Village backs legislation for lower speed limits

SARANAC LAKE – The village Board of Trustees has asked the state for a law that would let it, and other villages and towns across New York, set their own speed limits.

The board voted 3-2 Monday to approve a resolution that calls on the state Senate and Assembly “to enact legislation this year that would change state law to provide municipalities with more home-rule authority over speed limits.”

Mayor Clyde Rabideau cast the tie-breaking vote. Trustees Paul Van Cott and Barbara Rice were in favor of the resolution while trustees Tom Catillaz and Allie Pelletieri were opposed.

The resolution was drafted by Van Cott. He said he’s heard complaints from village residents in several neighborhoods about people driving too fast. The speed limit on village streets is 30 mph except in school zones, where it’s 20 mph.

“The idea of people driving through Helen Hill at 30 miles per hour, with little kids out playing, scares me, and I think it scares a lot of our citizens,” Van Cott said. “I think that would be true for any neighborhood in the village.

“If we had the authority, we could say the speed limit on village streets is 20 miles per hour, to keep it lower in our neighborhoods, and I think that would be a good thing for public safety.”

But Pelletieri raised a string of questions about the resolution. He wondered what the expense would be of getting new signs. Village Manager John Sweeney said it costs the village $35 to $40 per sign.

“Another thing that concerns me is, are we going to have a run on this where everybody’s neighborhood is going to want to say it’s too fast on their streets?” Pelletieri asked. “It’s nice to have our own say, but there’s something to be said about consistency in government. It could become confusing when you travel.”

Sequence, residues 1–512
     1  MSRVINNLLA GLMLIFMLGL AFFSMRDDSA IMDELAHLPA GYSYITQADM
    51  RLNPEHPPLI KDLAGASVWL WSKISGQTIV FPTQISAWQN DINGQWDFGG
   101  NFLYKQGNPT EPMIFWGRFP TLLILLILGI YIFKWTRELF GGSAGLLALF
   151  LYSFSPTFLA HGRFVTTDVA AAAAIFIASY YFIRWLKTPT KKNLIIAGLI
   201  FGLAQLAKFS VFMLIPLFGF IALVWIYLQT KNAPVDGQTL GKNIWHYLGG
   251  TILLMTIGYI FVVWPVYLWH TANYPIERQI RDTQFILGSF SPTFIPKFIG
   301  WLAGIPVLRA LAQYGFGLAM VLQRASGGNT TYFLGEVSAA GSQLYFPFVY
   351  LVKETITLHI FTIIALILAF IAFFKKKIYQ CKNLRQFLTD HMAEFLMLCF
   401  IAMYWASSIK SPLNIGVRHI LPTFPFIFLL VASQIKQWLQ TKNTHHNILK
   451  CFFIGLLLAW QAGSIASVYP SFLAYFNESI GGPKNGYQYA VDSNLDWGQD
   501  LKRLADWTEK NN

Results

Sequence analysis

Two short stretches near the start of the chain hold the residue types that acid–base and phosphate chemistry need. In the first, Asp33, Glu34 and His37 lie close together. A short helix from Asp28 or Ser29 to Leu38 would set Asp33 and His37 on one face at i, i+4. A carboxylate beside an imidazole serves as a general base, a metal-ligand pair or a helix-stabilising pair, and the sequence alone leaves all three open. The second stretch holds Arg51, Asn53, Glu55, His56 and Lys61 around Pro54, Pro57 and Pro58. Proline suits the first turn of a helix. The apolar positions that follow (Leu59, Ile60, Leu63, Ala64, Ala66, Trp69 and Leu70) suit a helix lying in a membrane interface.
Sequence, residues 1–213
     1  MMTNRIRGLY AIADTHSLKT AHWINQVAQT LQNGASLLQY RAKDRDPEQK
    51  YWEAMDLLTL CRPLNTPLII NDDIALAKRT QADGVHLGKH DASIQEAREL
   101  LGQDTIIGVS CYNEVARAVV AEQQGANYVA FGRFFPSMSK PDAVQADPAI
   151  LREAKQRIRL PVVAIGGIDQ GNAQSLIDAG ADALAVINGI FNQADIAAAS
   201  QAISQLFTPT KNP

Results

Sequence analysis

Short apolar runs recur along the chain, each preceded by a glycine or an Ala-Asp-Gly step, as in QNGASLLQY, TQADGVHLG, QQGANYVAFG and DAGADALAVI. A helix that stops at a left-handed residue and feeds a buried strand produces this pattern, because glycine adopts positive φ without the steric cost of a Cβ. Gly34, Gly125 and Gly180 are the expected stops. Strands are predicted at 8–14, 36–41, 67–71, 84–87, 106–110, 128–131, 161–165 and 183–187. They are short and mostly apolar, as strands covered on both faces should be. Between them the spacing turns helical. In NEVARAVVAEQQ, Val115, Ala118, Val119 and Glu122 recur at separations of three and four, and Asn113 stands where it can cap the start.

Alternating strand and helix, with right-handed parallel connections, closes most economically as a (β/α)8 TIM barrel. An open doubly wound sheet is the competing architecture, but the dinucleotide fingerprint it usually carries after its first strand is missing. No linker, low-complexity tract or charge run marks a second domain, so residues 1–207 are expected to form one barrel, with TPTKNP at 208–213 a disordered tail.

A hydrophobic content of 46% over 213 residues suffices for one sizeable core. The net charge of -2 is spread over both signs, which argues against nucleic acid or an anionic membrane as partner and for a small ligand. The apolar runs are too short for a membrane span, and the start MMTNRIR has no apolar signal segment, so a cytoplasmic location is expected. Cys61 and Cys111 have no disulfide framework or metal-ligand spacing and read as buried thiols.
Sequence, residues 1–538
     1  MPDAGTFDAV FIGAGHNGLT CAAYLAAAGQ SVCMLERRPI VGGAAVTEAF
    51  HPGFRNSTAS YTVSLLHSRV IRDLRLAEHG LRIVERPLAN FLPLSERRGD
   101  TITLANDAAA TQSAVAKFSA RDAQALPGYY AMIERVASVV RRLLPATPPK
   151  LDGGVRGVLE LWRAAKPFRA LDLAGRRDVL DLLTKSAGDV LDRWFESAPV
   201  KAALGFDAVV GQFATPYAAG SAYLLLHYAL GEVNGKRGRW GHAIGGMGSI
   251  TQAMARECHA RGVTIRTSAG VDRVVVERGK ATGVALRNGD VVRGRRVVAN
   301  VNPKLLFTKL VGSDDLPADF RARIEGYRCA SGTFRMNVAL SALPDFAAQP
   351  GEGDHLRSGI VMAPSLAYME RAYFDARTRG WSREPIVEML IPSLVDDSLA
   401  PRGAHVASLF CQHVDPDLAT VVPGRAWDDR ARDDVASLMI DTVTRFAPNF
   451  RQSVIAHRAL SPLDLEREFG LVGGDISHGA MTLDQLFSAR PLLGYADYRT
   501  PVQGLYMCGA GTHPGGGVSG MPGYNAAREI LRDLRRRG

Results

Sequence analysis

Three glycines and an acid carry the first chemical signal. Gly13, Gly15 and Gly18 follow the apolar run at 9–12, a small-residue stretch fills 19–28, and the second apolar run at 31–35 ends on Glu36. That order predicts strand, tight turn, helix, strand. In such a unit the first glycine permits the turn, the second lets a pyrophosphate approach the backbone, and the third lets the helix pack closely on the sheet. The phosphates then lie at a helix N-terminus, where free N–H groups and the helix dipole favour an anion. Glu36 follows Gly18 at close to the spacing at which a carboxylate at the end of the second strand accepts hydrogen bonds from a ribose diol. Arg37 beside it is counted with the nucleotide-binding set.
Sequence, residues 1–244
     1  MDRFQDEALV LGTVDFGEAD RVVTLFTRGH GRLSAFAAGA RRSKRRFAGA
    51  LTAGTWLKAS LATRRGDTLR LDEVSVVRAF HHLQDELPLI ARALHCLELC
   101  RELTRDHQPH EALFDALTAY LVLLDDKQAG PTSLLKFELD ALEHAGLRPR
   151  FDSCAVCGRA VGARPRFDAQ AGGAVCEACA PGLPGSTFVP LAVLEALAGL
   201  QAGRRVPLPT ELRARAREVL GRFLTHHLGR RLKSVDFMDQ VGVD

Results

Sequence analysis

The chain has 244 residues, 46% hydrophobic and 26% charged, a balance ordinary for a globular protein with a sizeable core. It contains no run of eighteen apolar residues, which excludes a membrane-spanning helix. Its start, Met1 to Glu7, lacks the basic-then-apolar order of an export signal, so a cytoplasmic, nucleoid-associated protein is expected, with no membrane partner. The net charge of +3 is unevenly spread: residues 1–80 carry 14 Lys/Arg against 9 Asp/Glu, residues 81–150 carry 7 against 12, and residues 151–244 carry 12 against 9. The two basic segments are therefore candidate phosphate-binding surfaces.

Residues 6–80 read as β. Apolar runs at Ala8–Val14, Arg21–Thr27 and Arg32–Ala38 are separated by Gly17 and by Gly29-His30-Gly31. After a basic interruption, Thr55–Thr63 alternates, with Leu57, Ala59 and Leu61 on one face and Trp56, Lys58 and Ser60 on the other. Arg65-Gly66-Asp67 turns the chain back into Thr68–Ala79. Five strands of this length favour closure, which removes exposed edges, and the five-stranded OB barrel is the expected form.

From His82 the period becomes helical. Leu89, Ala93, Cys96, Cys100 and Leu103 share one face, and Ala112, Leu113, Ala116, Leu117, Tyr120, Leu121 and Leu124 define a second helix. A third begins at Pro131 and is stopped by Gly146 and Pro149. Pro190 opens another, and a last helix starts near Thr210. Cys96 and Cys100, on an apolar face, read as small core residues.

Pelletieri also wondered if the village could change the speed limits on state highways or if they would be exempt.

He said there is a bill pending in Albany that would allow local governments to set their own speed limits, and he said he’d like to read that lbefore voting on the village resolution.

Van Cott said the village’s resolution isn’t tied to any particular bill in the state Senate or Assembly.

“We’re just setting our policy here to say that we support legislation that would give us the authority to impose lower speed limits on village streets,” he said. “We’re not necessarily signing onto any specific bill.”

When the vote was taken and it was clear that Rabideau would have to break the deadlock among the trustees, the mayor said he has several concerns with the idea of the village setting its own speed limits.

“Everything Alllie said was true,” Rabideau said. “There’s going to be a cost for signage. Every neighborhood is going to want 20 miles per hour. And frankly, it’s not enforceable. I really think this is a superfluous law, and I don’t think it’s ever going to be enacted.

“I’m going to vote for it, but I’m giving you fair warning about what’s ahead and that Allie hit the nail on the head. It’s been a good thing sometimes to say state law precludes us from doing this, because every single neighborhood in Plattsburgh and Saranac Lake wants 20 miles per hour.”

The village’s resolution will be forwarded to a long list of state legislators, including the chairs of the Senate and Assembly transportation committees, and Gov. Andrew Cuomo.